What is a Liver Transplant?
Liver transplant is a replacement of the diseased liver in a patient with end-stage liver failure with a healthy organ. Living donor liver transplantation is a safe option with high success rates and is absolutely safe for donors. Particularly for sick patients, where waiting can be perilous, we strongly recommend living donor transplantation.
When is a Liver Transplant Needed?
Liver transplantation is necessary when the liver functions are damaged beyond the body’s capacity to regenerate. In children and adults with liver failure due to long-standing liver disease, primary liver tumors or generalized diseases, a liver transplantation is potentially curative.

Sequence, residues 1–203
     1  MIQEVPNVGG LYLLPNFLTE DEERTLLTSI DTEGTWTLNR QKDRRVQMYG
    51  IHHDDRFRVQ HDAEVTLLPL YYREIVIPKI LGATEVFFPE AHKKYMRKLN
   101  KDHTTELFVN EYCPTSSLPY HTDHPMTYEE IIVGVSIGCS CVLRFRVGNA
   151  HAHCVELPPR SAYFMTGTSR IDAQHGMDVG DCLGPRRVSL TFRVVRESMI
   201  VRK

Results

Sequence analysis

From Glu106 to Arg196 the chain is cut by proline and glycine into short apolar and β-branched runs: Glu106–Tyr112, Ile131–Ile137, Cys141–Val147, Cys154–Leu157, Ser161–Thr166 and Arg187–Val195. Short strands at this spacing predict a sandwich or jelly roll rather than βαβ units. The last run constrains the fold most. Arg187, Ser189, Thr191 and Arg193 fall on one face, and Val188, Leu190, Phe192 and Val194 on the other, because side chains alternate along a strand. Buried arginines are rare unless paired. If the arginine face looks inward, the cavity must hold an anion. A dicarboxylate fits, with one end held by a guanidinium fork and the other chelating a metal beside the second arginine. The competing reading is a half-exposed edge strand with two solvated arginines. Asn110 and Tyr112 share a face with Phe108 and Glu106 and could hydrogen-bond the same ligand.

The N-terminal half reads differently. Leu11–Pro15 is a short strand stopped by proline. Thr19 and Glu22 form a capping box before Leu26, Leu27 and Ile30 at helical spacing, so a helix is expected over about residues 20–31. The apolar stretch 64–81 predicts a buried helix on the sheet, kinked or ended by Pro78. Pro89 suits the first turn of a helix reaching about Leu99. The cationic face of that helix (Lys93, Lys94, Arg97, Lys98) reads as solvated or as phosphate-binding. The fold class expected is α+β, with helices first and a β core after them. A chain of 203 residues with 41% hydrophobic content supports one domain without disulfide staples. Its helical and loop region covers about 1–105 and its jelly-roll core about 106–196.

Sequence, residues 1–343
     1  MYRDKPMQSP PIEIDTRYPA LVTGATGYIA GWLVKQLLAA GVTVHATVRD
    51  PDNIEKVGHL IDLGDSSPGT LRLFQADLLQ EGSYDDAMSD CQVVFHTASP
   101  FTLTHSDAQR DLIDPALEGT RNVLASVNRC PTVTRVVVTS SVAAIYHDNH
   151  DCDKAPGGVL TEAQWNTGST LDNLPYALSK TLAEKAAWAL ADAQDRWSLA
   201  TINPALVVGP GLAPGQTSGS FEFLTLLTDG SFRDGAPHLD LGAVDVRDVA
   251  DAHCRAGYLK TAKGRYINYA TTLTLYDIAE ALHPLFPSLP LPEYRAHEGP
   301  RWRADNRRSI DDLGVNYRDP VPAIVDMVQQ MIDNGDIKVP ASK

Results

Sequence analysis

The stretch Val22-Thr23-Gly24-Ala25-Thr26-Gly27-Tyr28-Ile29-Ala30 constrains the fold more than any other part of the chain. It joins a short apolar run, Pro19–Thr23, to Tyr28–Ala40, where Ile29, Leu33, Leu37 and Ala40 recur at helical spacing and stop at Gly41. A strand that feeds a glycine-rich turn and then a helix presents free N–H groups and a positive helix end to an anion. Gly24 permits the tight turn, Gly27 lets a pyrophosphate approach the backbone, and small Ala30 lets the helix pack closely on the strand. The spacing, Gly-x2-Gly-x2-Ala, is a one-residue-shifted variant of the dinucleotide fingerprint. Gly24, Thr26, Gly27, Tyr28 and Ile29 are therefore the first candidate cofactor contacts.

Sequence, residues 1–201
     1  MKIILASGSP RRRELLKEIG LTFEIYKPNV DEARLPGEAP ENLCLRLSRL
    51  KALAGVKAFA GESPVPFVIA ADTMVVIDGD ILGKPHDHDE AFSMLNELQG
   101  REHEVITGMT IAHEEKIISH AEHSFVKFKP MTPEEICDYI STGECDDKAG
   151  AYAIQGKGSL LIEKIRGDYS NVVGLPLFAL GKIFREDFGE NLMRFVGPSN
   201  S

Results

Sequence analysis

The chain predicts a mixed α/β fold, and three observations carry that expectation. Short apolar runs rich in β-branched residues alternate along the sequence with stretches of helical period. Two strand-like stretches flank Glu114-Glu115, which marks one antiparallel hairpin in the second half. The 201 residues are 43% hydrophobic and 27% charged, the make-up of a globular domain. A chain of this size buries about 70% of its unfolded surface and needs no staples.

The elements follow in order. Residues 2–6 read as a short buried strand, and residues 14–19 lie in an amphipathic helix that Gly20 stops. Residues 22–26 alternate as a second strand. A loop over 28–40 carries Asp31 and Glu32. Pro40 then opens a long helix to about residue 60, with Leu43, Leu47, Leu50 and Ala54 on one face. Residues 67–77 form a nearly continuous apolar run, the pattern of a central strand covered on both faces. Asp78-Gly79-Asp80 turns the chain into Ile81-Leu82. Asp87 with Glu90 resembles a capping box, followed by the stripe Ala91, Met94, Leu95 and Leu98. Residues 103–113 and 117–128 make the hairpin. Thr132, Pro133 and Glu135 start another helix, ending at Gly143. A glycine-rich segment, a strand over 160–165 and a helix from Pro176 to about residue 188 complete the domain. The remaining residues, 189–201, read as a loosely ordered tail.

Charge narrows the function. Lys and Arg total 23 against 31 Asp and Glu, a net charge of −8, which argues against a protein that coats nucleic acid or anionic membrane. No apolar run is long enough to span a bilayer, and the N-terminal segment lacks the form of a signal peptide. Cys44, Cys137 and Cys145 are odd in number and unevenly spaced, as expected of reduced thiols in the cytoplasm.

The following conditions may result in chronic liver failure:
- Chronic hepatitis with cirrhosis
- Primary biliary cirrhosis (a rare condition where the immune system inappropriately attacks and destroys the bile ducts)
- Sclerosing cholangitis (scarring and narrowing of the bile ducts inside and outside of the liver, causing the backup of bile in the liver)
- Biliary atresia (a rare disease of the liver that affects newborn)
- Wilson’s disease (a rare inherited disease with abnormal levels of copper throughout the body, including the liver)
- Hemochromatosis (a common inherited disease where the body has too much iron)
- Alpha1 antitrypsin deficiency (an abnormal buildup of alpha 1 antitrypsin protein in the liver, resulting in cirrhosis)
- Liver cancer